Human Genetics

Mike the Mad Biologist

Category archives for Human Genetics

A problem in genome-wide association studies (“GWAS”) is the”missing heritability” issue–identified genetic variation can only account for a small fraction of the estimated genetic contribution to variation in that trait. Razib has a good roundup of several explanations (and I added some speculation about nearly-neutral mutations). GWAS also have problems accurately characterizing the trait. For…

A while ago, I described how previous decisions allowing the patenting of human genes–and thereby making cheap, affordable diagnostics impossible–flew in the face of the goal of federally-funded research. There’s no reason to patent something and charge thousands of dollars for something a high school student could do (PCR and sequencing). From The NY Times…

A while ago, economist Paul Krugman described the institutional loss of knowledge in the discipline of economics:

A recent paper in PLoS argues that variation in genes that regulate dopamine (5-HTTLPR) and serotonin neurotransmission (DRD4) influences financial risk taking: at the 5-HTTLPR gene, one homozygous form (two identical copies or alleles) took on 28 percent less risk, while those who had the ’7-repeat’ form of the DRD4 gene took 25 percent more…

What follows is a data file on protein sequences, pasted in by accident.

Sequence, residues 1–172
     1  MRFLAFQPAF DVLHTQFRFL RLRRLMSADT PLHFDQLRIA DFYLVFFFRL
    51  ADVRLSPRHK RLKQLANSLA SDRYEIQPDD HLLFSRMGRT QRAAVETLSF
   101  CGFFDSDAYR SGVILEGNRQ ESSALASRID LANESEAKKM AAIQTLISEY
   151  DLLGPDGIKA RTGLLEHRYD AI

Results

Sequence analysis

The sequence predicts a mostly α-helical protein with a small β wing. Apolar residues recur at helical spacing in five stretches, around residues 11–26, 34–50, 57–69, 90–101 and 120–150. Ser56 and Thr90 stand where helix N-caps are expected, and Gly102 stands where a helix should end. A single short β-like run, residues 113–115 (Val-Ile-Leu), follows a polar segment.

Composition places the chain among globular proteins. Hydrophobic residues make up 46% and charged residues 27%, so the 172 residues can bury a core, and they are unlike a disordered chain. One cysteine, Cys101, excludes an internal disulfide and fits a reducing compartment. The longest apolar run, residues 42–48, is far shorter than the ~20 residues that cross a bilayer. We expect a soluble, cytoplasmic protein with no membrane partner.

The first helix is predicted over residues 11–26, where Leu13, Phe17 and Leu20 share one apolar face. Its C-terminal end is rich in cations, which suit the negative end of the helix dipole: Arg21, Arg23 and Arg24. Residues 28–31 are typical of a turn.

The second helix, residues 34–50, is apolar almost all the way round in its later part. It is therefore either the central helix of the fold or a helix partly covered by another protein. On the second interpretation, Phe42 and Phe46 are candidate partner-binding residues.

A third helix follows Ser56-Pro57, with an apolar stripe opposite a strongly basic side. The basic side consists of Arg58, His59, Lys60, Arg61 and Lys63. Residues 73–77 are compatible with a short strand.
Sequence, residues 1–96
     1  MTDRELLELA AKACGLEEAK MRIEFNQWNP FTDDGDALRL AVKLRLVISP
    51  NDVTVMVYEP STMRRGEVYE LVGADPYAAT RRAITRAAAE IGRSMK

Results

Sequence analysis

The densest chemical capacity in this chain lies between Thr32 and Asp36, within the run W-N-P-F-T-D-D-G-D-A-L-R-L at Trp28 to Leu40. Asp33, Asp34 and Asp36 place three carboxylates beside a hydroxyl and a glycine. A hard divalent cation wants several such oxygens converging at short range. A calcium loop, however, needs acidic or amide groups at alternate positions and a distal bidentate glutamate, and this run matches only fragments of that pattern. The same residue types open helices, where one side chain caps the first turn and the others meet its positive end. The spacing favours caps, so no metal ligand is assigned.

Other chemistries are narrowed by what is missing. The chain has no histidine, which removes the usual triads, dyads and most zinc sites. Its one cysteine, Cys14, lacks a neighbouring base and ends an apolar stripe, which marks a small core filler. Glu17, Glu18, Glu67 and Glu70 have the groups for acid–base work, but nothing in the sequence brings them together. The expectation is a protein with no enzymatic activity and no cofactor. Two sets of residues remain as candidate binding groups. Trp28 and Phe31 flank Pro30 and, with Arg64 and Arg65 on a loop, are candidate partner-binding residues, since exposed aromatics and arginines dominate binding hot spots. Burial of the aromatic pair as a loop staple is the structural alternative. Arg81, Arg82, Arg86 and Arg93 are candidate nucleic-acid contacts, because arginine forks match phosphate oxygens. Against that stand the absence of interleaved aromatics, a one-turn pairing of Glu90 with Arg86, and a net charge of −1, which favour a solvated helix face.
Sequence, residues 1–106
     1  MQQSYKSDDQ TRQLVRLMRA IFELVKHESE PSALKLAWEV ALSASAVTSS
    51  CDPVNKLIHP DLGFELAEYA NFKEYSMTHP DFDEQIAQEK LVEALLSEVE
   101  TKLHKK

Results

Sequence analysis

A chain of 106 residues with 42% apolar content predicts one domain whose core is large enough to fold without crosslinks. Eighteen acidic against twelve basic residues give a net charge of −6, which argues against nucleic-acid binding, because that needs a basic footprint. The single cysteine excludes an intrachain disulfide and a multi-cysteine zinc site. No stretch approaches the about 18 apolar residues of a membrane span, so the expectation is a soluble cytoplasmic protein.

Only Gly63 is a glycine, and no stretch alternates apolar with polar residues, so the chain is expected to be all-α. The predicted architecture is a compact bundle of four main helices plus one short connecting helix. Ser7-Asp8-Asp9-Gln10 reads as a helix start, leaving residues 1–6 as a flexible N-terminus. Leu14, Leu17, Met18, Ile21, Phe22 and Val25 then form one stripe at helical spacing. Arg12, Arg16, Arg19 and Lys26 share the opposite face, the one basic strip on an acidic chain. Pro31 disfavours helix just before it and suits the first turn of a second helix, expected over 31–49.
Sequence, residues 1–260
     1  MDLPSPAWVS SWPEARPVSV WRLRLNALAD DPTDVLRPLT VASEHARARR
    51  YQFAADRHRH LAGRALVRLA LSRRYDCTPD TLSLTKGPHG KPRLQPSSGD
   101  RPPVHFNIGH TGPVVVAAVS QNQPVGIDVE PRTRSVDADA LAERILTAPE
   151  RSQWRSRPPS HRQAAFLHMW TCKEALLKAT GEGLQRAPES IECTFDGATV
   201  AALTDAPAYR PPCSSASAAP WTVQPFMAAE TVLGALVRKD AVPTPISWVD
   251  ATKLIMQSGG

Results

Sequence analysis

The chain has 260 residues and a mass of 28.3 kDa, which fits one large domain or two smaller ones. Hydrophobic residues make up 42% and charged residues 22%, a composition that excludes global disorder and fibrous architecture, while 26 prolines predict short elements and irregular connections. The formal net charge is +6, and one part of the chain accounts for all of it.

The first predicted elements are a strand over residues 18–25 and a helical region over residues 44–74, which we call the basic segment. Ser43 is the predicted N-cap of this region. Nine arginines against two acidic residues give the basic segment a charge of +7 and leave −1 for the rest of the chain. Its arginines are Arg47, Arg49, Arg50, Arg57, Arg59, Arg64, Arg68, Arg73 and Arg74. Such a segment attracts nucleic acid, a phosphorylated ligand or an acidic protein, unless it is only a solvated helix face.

Is Bisphenol A Responsible for Obesity?

According to the Boston Globe, bisphenol A levels lower than those found in 93% of people led to obesity in mice:

Fumarase Deficiency and Gay Marriage

With Massachusetts having prevented the attempt to de-legalize gay marriage, there is much discussion about the topic. But this story about a splinter Mormon group highlights the importance of outlawing one type of marriage: marriages between close relatives. By way of Lance Mannion, from Reuters (italics mine):

I like much of Matt Yglesias’ writing. But he still doesn’t appreciate how science and evolution affect public policy issues. As many of you know, three out of ten Republican presidential candidates stated that they don’t believe in evolution at one of the presidential debates. Yglesias comments on Huckabee’s response:

You might not know this, but your body produces a whole bunch of antibacterial compounds, one of which is lactoferrin. It’s found in breast milk and mucosal substances such as tears and saliva. Lactoferrin hasn’t really been investigated as a medical antibiotic because many disease-causing bacteria (e.g., E. coli) also live on (and in) people…

Over at Pandagon, Pam’s aunt had her ancestry traced using mitochondrial DNA (‘mtDNA’). The results given to her aunt were that she is: 51% Sub-Saharan Africa (she didn’t get any information as to country) 37% European (we have known ancestry in Ireland and England) 12% Native American (likely a NY or Connecticut tribe; we thought…